Minister will forgive Iraqi debt despite voicing concerns over stability from terrorism threat from across the border.
Kuwait may write off billions in loans to Iraq
KUWAIT CITY // Kuwait will forgive billions of dollars of Iraqi debt in exchange for guaranteed security and good relations with its northern neighbour, the minister of foreign affairs, Sheikh Mohammed Sabah Salem al Sabah, said this week. "We do not want money, and we did not ask you for that. All that we need is security and peace," Sheikh Mohammed said in an interview with the local newspaper Al Qabas on Sunday.
Iraq owes Kuwait US$16 billion (Dh58.8bn) from loans that were mostly made during the 1980s when Saddam Hussein's regime was fighting a war with Iran. The Iraqi government owes an additional $25bn in war reparations to Kuwait as a result of the 1990 invasion. Sheikh Mohammed said he was referring only to the money owed to Kuwait through loans, and not compensation, which he said has its own "international mechanism".
The UN Compensation Commission oversees payments to individuals, companies, non-governmental organisations and governments that suffered in the invasion. Five per cent of the country's oil sales are used as compensation, and Iraq must resolve the reparations issue before it can be relieved of the UN's remaining sanctions. During the interview, the minister also expressed concern that tribal and sectarian divisions in Iraq and problems with al Qa'eda terrorists could spill over the border to threaten stability in Kuwait.
Yousef Ali, the director of Kuwait University's Centre for Strategic and Future Studies, said because Kuwait is a small state abundant with oil fields, it has often been coveted by the larger and more powerful countries in the region, Saudi Arabia, Iran and Iraq. He said it had paid off its neighbours to avoid confrontation in the past, and Iraq benefited from this policy in the 1960s. Mr Ali said he believed the threat from Iraq had increased in recent years because of instability there. The Kuwaiti government would be willing to forgive both the debts and reparations if it could overcome opposition from some members of parliament, he said.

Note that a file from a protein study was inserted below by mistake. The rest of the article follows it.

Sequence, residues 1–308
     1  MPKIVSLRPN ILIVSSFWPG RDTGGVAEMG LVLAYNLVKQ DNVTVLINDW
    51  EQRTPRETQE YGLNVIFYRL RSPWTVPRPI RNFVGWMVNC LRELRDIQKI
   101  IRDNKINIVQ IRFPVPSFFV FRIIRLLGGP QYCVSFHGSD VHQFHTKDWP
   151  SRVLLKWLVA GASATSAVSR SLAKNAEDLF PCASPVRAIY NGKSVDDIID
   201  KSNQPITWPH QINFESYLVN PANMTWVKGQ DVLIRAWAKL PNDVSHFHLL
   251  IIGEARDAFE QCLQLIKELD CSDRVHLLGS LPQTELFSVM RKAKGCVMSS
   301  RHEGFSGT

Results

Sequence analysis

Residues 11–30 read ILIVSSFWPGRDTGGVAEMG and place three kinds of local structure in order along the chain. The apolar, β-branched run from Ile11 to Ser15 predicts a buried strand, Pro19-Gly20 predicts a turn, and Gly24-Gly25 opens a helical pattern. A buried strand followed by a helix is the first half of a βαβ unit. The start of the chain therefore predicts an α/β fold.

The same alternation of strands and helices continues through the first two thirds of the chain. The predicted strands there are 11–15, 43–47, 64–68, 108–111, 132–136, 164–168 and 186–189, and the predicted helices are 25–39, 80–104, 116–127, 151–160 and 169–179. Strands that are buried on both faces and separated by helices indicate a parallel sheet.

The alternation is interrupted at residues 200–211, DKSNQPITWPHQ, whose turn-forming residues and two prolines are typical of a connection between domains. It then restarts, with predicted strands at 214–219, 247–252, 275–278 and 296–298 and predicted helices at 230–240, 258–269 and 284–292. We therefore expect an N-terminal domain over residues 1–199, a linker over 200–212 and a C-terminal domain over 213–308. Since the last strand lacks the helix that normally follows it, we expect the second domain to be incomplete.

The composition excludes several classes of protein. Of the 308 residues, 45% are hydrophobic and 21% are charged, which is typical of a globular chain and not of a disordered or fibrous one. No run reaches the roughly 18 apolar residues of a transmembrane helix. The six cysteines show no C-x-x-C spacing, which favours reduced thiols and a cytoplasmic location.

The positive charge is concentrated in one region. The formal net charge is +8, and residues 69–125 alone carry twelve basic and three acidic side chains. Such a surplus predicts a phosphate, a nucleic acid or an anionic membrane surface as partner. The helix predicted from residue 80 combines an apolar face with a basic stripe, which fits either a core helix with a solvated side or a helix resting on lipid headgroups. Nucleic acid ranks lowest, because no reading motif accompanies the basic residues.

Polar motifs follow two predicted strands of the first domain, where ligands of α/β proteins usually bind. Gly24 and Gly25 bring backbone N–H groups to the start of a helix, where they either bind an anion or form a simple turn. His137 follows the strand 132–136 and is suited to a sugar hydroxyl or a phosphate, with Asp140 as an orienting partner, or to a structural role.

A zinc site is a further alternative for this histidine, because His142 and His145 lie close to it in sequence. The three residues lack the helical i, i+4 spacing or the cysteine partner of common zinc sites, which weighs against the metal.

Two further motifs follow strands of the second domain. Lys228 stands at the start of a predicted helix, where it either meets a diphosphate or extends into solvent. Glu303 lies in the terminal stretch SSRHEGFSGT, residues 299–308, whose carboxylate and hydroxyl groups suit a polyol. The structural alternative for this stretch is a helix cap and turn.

"It depends if the government can convince the religious extremists - like the Salafis - to accept it. Some of their MPs will resist the idea," Mr Ali said. He said the change of Iraqi leadership from Saddam Hussein's Sunni-dominated regime to a democracy where Shiites are the largest bloc had put many radical Kuwaiti Sunnis off the idea of giving the country a break. "This is their attitude. In any country if there are some Shiites in government, those fundamentalists try to put pressure on them. Take Lebanon, take Bahrain and now take Yemen," he said.
Mr Ali said Kuwait, Iraq and the UN all agreed to the demarcation of the border between the two countries after the Iraq war, but some Iraqi nationalists still do not accept the deal. Some Iraqi MPs have questioned the validity of the border, and others have demanded that Kuwait pay Iraq compensation for giving the US-led coalition a base from which to stage the 2003 invasion, which they said was illegal under international law.
Sheikh Mohammed gave a warning to belligerent Iraqi MPs during the interview when he said: "The positions of some Iraqi officials towards Kuwait do not encourage writing off debts." Relationships between the two countries are not always acrimonious. A visit from the governor of Basra to Kuwait on Sunday highlighted the hopes many businessmen in the two countries have for increased economic cooperation.
"Iraq is keen on extending bridges of amity and friendship with the state of Kuwait," the Iraqi governor, Shaltagh al Mayah, told journalists at a press conference with the governor of Ahmadi, Sheikh Ibrahim al Duaij al Sabah. The Iraqi governor said his visit was to promote brotherly ties and joint interests between the northern Gulf neighbours and urged Kuwaiti companies to invest in Basra because it was witnessing a period of increased security and stability.
The Kuwaiti MP who heads the Kuwait Economic Society, Rola Dashti, has hinted that investing Iraqi payments back into the country would be a suitable compromise to the reparations issue that would benefit both countries. Sheikh Mohammed said the UK, Turkey and Kuwait were now working together to establish a free trade zone in Basra. Another member of the Iraqi delegation from Basra, Nezar al Jebari, announced yesterday that authorities have selected a plot of land in the Basra governorate to build a hospital that will be funded by the Kuwaiti government.